In this piece I bracket the work from critical animal studies and animal liberation movements which have tended to focus on the ideas of animal sentience, oppression, and liberation (Noske 2004). I do so not to dismiss this work but only to make possible the thought experiment of thinking of animal labor. A recent selection of some of this work can be found in Animal Oppression and Capitalism (Vol 1 and 2) edited by David Nibert. Critiques and discussions of the field of animal studies from more radical positions can be found in Weisberg (2009) and Giraud (2013). It is also beyond the scope of this piece to summarize the ensemble of engagements with non-labor aspects of the animal question from positions sympathetic to Marxism. Important contributions, other than the ones cited in this essay, include Benton (1993); Benton (2003); Cochrane (2010); Perlo (2002); Sztybel (1997); Torres (2007); and Wilde (2000). It is also worth noting that in the field of history we can find partial accounts of animal labor, see for instance Anderson (2004), Bankoff and Swart (2004), Clutton-Brock (1999), Crosby (2004), and McShane and Tarr (2007).
 “For most of the first Industrial Revolution, broadly between 1760 and 1830, the largest provider of direct power was still animal muscles. Human labor was second…. In fact, it could be argued that the Industrial Revolution was powered not so much by steam, water or even humans, but by horses.” Roger Fouquet, Heat, Power and Light: Revolutions in Energy Services. Cheltenham, UK: Edward Elgar Publications, 2008. 124-5
 Jason Hribal, “Animals are Part of the Working Class Reviewed,” Borderlands 11.2 (2012): 6.
 Occasionally it is said that species-being does appear in Capital; however as far as I have been able to determine the term used there is Gattungsvermögen (species capacity) and not Gattungswesen (species being). See Karl Marx, Capital, p. 447 and Basso (2015). I will discuss Vermögen more below; most readers of Marx would agree that the alienation/species-being couplet plays a much smaller role in Capital.
 Macdonald (2016) offers another account of this relationship built around a reading of what he calls the “human/animal dialectic” in Marx’s work, while Peterson (2013) argues that nonhuman activities meet Marx’s conditions for un-alienated labor (168).
 See for example Karl Marx, Capital, p. 443.
 Marx expands: “We mean by labour-power, or labour-capacity, the aggregate of those mental and physical capabilities existing in the physical form, the living personality, of a human being, capabilities which he sets in motion whenever he produces a use-value of any kind.” 270.
 There has been excellent work done on the mobilization of “life” as energetic or informational resource under biopolitical capital, in particular in the work of Melinda Cooper, Life as Surplus: Biotechnology and Capitalism in the Neoliberal Era (2008). The approach that I am taking here is not so capacious and is focused on thinking specifically about certain forms of animal labor. My hunch is that while biopolitical resource extraction is a key frontier of capitalism, it is worth trying to focus some attention on the vast quotidian zone of animal reproductive labor that underpins so much of our contemporary food systems.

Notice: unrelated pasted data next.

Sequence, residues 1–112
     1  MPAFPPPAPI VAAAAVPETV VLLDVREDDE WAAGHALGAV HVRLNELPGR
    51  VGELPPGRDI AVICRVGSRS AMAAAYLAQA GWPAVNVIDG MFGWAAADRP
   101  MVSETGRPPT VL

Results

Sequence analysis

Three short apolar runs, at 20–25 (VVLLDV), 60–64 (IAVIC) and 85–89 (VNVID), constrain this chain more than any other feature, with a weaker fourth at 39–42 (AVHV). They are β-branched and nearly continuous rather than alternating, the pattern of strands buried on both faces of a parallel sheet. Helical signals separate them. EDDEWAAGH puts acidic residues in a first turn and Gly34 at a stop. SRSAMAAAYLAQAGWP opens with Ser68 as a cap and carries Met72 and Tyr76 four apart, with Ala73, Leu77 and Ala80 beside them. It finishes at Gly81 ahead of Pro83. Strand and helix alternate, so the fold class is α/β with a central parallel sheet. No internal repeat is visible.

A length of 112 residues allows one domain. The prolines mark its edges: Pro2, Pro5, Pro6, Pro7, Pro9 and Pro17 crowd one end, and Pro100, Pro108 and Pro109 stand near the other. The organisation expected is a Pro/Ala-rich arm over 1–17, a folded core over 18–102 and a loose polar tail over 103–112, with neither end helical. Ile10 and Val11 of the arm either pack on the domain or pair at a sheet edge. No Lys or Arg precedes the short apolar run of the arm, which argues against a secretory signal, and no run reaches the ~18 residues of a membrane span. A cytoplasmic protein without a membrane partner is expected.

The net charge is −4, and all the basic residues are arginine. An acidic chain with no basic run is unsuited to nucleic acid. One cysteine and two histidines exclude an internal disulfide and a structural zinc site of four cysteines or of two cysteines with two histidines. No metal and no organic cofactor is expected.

Clay McShane and Joel Tarr, The Horse in the City: Living Machines in the Nineteenth Century. Baltimore, Johns Hopkins University Press, 2007. 57
 Reinaldo Funes Monzote, “Animal Labor and Protection in Cuba: Changes in Relationships with Animals in the Nineteenth Century” in Centering Animals in Latin American History, ed. Zeb Tortorici and Martha Few. Durham: Duke University Press. 218.
 Amanda Armstrong, “The Wooden Brain: Organizing Untimeliness in Marx’s Capital.” Mediations 31.1.
 Patricia Penn Hilden, “The Rhetoric and Iconography of Reform: Women Coal Miners in Belgium 1840-1914,” in Fiona Montgomery and Christine Collette (eds), The European Women’s History Reader. New York: Routledge, 2002. 141.
 Cathy N. Davidson, The New Education: How to Revolutionize the University to Prepare Students for a World in Flux. New York: Perseus Book, 2017. 13 and Joanna Dean and Lucas Wilson. “Horse Power in the Modern City” in R.W. Sandwell (ed.) Powering Up Canada: The History of Power, Fuel, and Energy from 1600. Toronto: McGill-Queen’s University Press, 2016. 112.
 Dale Jamieson, Ethics and the Environment: An Introduction. New York: New York UP, 2008. 121.
 Jocelyne Porcher, “Animal Work” in Linda Kalof (ed). The Oxford Handbook of Animal Studies. Oxford: Oxford UP, 2015. 306.
 Harry Harootunian, Marx After Marx: History and Time in the Expansion of Capitalism. New York: Columbia University Press, 2015. 9.
 Ibid. 19.
 See also the Amanda Armstrong piece cited above: “Along similar lines, the early growth of railway transit in Britain resulted in a significant expansion of the horse-drawn carriage transport industry. The railways’ massive increase in carrying capacity relative to existing road systems translated into an economy-wide spike in demand for connecting trips between railway stations and other sites. In other words, the nineteenth-century industrialization of production and distribution processes was linked inextricably to the expansion of technologies and labor processes that, from the perspective of stage-based theories, appeared to be ‘out-of-date.’ Industrialization involved the grafting of these seemingly anachronistic processes and technologies onto capital’s supply chains. And Marx was more than conscious of such bricolage – the third volume of Capital was devoted in part to analyzing the complex flows of investment into unevenly capitalized industries.”